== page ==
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Chavista Apologists Need to Get Real

By: Javier Garay - @Crittiko - Aug 29, 2014, 8:53 am
Defenders of Chavismo need to look no further than reality.
Defenders of Chavismo need to look no further than reality. (Flickr)

EspañolLast week, I wrote about the Venezuelan government’s decision to close the border with Colombia to combat smuggling. Although the point of the article was to highlight both the futility of such an effort, and the tepid response of the Colombian government, I was surprised by many of the critical comments that emerged to defend the Chavista model.

I did not have to look very hard to find ample evidence of the failure of this model and its steady conversion into one of the most closed, totalitarian, and oppressive regimes in Latin America.

While defenders resort to personal attacks against me and “the Colombians” (a term which reflects the collectivist vision held by defenders of regimes such as the one in Venezuela), the Nicolás Maduro government was making more desperate attempts to confront shortages and the ongoing economic crisis.

He began by announcing a fingerprint system that will be used to prevent Venezuelans from purchasing more than they “need” to survive. The government then proceeded to outlaw the exportation of goods considered “basic.”

Is it really necessary to explain how these policies will not only fail to effectively address shortages, but will actually make them worse, by continuing to dismantle any sort of incentive structure for both producers and consumers?

Is it also necessary to explain that these measures demonstrate that shortages are not the result of trade with Colombia, even though some of those transactions are considered illegal by governments of both countries?

Is it necessary to argue how these policies violate every notion of individual rights and liberty?

The events of the past week not only prove the Venezuelan government’s totalitarian approach to the economy, additional facts also highlight the severe and multidimensional situation in Venezuela’s neighbor to the east.

A recent Gallup poll found that Venezuelans feel less safe in their country than any other population in the world. Defenders of the regime would argue that these results are skewed or manipulated.

However, in the same week, concern over rising levels of insecurity were reaffirmed. Chavistas: instead of trying to fight the facts, focus on solving the problems that are destroying any sense of peace in your streets.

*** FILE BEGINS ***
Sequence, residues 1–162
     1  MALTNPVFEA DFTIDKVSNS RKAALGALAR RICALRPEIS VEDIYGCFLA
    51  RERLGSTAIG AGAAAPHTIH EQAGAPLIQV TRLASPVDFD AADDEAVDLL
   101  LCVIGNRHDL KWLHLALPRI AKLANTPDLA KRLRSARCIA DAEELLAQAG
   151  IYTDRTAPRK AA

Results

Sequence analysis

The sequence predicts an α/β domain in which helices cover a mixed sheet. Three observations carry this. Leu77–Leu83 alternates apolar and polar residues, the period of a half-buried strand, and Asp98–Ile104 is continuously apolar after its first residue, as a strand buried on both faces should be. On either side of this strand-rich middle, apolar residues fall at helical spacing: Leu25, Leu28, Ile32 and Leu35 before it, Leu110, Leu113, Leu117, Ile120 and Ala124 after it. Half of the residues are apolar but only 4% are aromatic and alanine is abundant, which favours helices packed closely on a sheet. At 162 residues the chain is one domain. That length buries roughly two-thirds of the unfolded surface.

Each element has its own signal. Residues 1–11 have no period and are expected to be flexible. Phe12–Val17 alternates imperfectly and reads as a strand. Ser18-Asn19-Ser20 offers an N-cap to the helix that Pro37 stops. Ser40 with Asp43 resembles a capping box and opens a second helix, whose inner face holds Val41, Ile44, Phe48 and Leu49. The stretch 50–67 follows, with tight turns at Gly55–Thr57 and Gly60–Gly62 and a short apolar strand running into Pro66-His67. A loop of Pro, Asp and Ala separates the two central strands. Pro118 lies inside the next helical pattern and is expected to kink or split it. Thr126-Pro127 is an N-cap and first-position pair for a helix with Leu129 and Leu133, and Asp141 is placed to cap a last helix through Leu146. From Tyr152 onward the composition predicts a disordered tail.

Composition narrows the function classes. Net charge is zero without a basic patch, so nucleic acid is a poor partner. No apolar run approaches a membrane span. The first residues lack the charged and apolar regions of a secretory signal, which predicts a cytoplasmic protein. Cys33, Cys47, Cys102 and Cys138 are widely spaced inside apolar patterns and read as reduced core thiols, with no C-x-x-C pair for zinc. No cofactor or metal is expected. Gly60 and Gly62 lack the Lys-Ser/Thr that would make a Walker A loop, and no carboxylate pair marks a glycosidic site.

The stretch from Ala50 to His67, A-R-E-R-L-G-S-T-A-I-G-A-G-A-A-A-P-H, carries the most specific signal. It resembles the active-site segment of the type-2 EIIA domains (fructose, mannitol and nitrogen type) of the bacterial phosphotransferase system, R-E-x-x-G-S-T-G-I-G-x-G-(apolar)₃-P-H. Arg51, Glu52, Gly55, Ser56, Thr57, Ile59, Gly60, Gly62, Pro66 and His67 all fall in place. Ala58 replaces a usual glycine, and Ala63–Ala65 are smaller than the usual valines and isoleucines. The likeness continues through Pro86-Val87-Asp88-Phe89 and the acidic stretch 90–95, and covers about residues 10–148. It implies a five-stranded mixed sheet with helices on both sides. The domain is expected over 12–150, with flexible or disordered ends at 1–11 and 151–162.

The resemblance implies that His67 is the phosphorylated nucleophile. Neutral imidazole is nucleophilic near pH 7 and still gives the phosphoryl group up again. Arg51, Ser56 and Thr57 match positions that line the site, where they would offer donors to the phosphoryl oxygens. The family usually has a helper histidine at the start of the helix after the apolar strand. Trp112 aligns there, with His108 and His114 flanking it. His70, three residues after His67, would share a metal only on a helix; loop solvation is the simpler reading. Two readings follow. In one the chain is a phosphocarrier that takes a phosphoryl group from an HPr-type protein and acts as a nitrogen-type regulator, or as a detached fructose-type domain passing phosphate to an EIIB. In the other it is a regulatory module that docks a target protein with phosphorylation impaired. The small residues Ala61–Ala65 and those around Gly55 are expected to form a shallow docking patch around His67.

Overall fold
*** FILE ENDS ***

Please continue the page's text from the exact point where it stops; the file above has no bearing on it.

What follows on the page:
Many of the critics claim the violence in Venezuela comes from Colombia, as readers have previously shared with me. Even though I know these claims have no basis in reality, it is worth noting that, for this to be true, rates of violence in Colombia would have to be higher than those in Venezuela — and that is simply not the case.

However, if you insist on continuing with this argument, it is only further evidence of the failure of the regime that you so vehemently defend. Was is not Hugo Chávez who was so proud of his close ties to FARC guerrilla? Was it not the Chávez government that, instead of adopting a policy of drug legalization, preferred a volatile coexistence with drug traffickers?

If you would like to prove something as absurd as the notion that all the violence in Venezuela comes from Colombia, then you also have to accept the fact that the Venezuelan government has failed to fulfill the minimum functions of a sovereign state, and that the Chavista regime has attracted and permitted the arrival of the country’s worst criminals.

With so much evidence in one week, and much more that has gradually unfolded over the years, the question is: how can anyone defend the regime that governs Venezuela today?

Undoubtedly, the majority of the staunchest Chavista apologists are part of the elite created by the system itself, also known as Bolibourgeoisie — people enriched under the corrupt shadow of the Venezuelan government. It makes sense that, for them, the system apparently works, and so they defend it accordingly. However, this only further evidences the failure of this model. It benefits a tiny few, while condemning millions of their fellow citizens to poverty and tyranny.

Unlike them, I do not disqualify their arguments with personal attacks that lack logic and reason in an effort to defend my own ideas. Bolibourgeoisie or not, this does not in itself invalidate their defense of the regime.

Fortunately, instead of personal attacks, there is plenty of statistical and factual evidence that we can examine. We have evidence based in theoretical explanations that not only help us understand what is happening today in Venezuela, but that also allow us to anticipate the crisis will only worsen unless Chavistas change course.

By examining this evidence, we can better understand the reasons for the Venezuelan government’s failure, and the immorality of a system that is based in hatred and oppression.

Translated by Alex Clark-Youngblood.

Javier Garay Javier Garay

Javier Garay is a professor at the Externado University of Colombia. He has written two books on international issues, such as development, after his doctoral dissertation focused on the same topic. Follow him on Twitter @crittiko and through his personal blog, Crittiko.